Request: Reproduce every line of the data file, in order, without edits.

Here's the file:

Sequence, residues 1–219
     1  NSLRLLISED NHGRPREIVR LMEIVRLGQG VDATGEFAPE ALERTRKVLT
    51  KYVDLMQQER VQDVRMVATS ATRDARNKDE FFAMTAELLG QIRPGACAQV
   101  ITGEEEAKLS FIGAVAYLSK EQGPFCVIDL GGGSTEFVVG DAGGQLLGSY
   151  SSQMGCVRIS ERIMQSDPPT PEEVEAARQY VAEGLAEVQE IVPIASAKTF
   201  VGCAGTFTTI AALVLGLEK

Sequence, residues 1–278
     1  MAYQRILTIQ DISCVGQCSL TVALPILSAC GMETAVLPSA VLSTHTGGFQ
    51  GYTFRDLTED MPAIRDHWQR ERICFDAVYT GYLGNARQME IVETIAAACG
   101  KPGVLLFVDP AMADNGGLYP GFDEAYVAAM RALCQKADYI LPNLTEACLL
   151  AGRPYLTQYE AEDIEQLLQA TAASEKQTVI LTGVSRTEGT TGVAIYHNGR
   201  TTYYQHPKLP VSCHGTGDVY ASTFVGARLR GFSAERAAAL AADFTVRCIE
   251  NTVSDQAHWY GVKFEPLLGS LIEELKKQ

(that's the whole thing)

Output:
Sequence, residues 1–219
     1  NSLRLLISED NHGRPREIVR LMEIVRLGQG VDATGEFAPE ALERTRKVLT
    51  KYVDLMQQER VQDVRMVATS ATRDARNKDE FFAMTAELLG QIRPGACAQV
   101  ITGEEEAKLS FIGAVAYLSK EQGPFCVIDL GGGSTEFVVG DAGGQLLGSY
   151  SSQMGCVRIS ERIMQSDPPT PEEVEAARQY VAEGLAEVQE IVPIASAKTF
   201  VGCAGTFTTI AALVLGLEK

Sequence, residues 1–278
     1  MAYQRILTIQ DISCVGQCSL TVALPILSAC GMETAVLPSA VLSTHTGGFQ
    51  GYTFRDLTED MPAIRDHWQR ERICFDAVYT GYLGNARQME IVETIAAACG
   101  KPGVLLFVDP AMADNGGLYP GFDEAYVAAM RALCQKADYI LPNLTEACLL
   151  AGRPYLTQYE AEDIEQLLQA TAASEKQTVI LTGVSRTEGT TGVAIYHNGR
   201  TTYYQHPKLP VSCHGTGDVY ASTFVGARLR GFSAERAAAL AADFTVRCIE
   251  NTVSDQAHWY GVKFEPLLGS LIEELKKQ